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Crusaders hold off Highlanders fightback to pick up tense victory in Super Rugby Aotearoa

By Alex McLeod
(Photo by Dianne Manson/Getty Images)

The Crusaders have opened their Super Rugby Aotearoa campaign with a tightly-contested 26-13 victory over the Highlanders at Forsyth Barr Stadium in Dunedin.

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In a match played in a typically boisterous atmosphere, as is customary for South Island derbies, the Crusaders began in dominant fashion, racing out to a 14-0 lead inside the opening 20 minutes through tries from Codie Taylor and Bryn Hall.

Ill-discipline from the Crusaders and clinical attacking by the Highlanders closed the gap by half-time, though, as Shannon Frizell and Connor Garden-Bachop crashed over to make it 14-10 at the break.

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Highlanders vs Crusaders highlights | Super Rugby Aotearoa | Round One

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Highlanders vs Crusaders highlights | Super Rugby Aotearoa | Round One

A Mitch Hunt penalty early in the second half made it a one-point game, while the Highlanders’ bench applied pressure on the reigning champions, with Folau Fakatava, Josh Ioane and Liam Squire leading the charge from the reserves.

However, a Sevu Reece try extended the Crusaders’ lead, and a disallowed try to Sio Tomkinson due to a controversial knock on decision called against Fakatava dampened the hosts’ spirits.

The result was the out of reach in the final 10 minutes when replacement hooker Brodie McAlister burrowed over from a rolling maul to ensure the Crusaders began their title defence in the best way possible.

However, discipline issues, which led to two yellow cards, will be a key focal point for Scott Robertson’s men leading into next week’s clash with the Hurricanes.

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Nevertheless, the performances from the likes of Taylor and Reece were sensational, with the pair setting the standard for their peers as they eye a fifth straight Super Rugby title.

As for the Highlanders, their inability to capitalise on their overwhelming territory – just over 71 percent of the match was played inside the Crusaders’ half – needs to be addressed before next week’s match against the Chiefs in Hamilton.

An a positive note, Garden-Bachop had a Super Rugby debut to remember, while fellow wing Jona Nareki was equally as impressive with ball in hand.

Highlanders 13 (Tries to Shannon Frizell and Connor Garden-Bachop; penalty to Mitch Hunt)
Crusaders 26 (Tries to Codie Taylor, Bryn Hall, Sevu Reece and Brodie McAlister; 3 conversions to Richie Mo’unga; yellow cards to Ethan Blackadder and Scott Barrett)

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Jon 2 hours ago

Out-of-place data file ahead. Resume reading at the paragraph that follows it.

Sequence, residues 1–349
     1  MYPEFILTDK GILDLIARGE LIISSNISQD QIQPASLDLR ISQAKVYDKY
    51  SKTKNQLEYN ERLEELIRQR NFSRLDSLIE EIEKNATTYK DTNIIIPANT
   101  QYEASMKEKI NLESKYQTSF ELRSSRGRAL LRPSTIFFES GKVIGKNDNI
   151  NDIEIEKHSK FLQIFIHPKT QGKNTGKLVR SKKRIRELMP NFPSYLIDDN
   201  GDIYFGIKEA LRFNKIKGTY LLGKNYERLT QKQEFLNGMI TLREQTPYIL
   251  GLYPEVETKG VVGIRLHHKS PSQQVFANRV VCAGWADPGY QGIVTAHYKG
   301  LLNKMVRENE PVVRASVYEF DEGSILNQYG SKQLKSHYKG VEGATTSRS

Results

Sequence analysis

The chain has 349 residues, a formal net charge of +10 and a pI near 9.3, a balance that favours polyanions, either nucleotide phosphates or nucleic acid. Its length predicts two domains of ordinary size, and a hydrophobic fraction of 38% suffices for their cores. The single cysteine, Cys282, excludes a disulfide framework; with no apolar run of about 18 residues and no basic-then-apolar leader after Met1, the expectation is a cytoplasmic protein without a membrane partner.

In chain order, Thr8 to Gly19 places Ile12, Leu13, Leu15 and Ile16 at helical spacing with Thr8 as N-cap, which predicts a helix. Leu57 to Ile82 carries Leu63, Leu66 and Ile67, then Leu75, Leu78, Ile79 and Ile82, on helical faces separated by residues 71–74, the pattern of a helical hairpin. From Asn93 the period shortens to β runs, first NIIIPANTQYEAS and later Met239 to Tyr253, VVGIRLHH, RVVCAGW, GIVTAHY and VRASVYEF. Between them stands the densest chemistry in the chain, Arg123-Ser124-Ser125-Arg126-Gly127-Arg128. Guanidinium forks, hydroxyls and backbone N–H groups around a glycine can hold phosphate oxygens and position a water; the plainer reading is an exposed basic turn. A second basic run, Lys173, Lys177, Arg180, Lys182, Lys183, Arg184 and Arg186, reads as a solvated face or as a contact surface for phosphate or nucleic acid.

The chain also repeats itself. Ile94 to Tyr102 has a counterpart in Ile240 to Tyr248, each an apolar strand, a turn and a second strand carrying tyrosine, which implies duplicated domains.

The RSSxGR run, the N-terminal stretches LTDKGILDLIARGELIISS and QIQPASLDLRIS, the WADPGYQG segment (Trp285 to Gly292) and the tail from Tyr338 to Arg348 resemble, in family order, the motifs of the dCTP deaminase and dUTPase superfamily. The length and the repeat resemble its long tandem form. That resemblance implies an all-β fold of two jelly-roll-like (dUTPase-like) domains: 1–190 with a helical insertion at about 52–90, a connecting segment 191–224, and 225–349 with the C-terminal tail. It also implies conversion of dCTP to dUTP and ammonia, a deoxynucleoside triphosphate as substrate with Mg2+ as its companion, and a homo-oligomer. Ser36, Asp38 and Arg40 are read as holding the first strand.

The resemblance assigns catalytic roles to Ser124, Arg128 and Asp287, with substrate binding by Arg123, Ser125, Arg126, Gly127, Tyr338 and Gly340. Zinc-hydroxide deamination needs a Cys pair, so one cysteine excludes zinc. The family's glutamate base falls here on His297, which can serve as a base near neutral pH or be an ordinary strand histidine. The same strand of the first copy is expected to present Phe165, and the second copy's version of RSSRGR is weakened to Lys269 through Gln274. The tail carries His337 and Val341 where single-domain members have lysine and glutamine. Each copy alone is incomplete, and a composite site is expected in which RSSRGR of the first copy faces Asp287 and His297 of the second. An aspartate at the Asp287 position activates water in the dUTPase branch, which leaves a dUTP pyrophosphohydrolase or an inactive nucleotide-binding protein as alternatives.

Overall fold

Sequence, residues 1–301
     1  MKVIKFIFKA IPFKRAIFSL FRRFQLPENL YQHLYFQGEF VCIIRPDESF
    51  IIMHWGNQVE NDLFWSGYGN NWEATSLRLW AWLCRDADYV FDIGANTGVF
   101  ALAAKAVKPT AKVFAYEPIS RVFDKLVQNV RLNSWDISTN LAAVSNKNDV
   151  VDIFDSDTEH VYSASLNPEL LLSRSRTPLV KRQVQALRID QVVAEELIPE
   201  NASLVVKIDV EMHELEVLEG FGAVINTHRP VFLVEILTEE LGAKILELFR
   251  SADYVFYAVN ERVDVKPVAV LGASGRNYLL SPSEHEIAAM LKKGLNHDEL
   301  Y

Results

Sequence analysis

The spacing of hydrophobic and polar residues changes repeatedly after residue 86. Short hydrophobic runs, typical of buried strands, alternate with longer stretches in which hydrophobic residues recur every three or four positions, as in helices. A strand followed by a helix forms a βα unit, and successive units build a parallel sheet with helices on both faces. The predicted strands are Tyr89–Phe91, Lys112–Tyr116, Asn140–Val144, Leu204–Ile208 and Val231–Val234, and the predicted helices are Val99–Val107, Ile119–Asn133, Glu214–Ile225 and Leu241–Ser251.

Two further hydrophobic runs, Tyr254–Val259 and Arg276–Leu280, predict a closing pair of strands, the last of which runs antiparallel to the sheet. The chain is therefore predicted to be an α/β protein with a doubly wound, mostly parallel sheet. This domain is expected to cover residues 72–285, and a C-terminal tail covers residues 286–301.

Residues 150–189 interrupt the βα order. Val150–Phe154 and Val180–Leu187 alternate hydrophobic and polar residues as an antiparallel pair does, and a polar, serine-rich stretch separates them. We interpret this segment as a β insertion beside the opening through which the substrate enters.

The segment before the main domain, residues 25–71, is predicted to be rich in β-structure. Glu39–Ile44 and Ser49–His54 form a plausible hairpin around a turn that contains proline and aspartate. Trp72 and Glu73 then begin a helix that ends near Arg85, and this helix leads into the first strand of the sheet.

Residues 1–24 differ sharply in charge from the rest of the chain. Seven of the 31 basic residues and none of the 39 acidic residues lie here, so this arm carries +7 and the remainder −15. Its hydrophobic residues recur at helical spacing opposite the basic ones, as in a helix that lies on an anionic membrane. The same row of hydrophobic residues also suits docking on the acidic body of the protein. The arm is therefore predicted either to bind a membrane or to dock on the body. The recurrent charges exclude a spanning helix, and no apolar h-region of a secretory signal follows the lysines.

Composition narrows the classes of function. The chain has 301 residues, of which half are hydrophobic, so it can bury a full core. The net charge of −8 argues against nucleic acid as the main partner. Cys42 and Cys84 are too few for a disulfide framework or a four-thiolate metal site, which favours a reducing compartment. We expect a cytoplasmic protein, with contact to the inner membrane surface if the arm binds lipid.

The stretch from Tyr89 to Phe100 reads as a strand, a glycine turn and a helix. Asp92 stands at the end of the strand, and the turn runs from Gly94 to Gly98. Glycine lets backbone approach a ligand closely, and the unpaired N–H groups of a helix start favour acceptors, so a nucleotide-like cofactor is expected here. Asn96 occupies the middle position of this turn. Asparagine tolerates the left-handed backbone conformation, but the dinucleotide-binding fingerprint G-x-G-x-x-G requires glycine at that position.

Sam Cane was unfairly cast in Richie McCaw's shadow for too long

> McCaw’s durability and sustained excellence were unique, but we seemed to believe his successors were cut from the same cloth. It’s easy to forget McCaw was just as heavily critiqued for the last two years of his career. The only real difference was his captaining criticisms and his playing criticisms happened at different times, where Cane was criticized for a few things in both areas for all of his last 4 years. This was also heavily influenced by another McCaw esque presence, in Ardie Savea, being in the team and pushed out of his original position. It could be said we essentially didn’t have the 3 prior years with Ardie as world player of the year because he was changing into this new role. I say “original” position as despite him never coming out and saying his desire is to perform his role from, that I know of, clearly as part of a partnership with Cane as 7, I don’t think this was because he really wanted Cane’s playing spot. I think it most likely that it comes down to poor All Black management that those sort of debates weren’t put to bed as being needless and irrelevant. It has been brought up many times in past few months of discussions on articles here at RP, that early calls in WC cycles, to say pigeonhole an All Black team into being required to have a physical dynamo on defence at 7 (and ballplyaer at 8 etc) are detrimental. In the end we did not even come up against a team that threw large bodies at us relentlessly, like why we encountered in the 2019 WC semi final, at all in this last WC. Even then they couldn’t see the real weakness was defending against dynamic attacks (which we didn’t want to/couldn’t give 2019 England credit for) like the Twickenham Boks, and Irish and French sides (even 10 minutes of an English onslaught) that plagued our record and aura the last 4 years. It really is a folly that is the All Blacks own creation, and I think it pure luck, and that Cane was also such a quality All Black, that he was also became an integral part of stopping the side from getting run off the park. Not just rampaged. > The hushed tones, the nods of approval, the continued promotion of this nonsense that these men are somehow supernatural beings. I bet this author was one of those criticizing Cane for coming out and speaking his mind in defence of his team that year. Despite the apparent hypocrisy I agree with the sentiment, but I can only see our last captain as going down the same road his two prior captains, Read and McCaw, have gone. I am really for Cane becoming an extra member to each squad this year, June, RC, and November tours, and he is really someone I can see being able to come back into the role after 3 seasons in Japan. As we saw last year, we would have killed for someone of his quality to have been available rather than calling on someone like Blackadder. Just like the Boks did for 2023.

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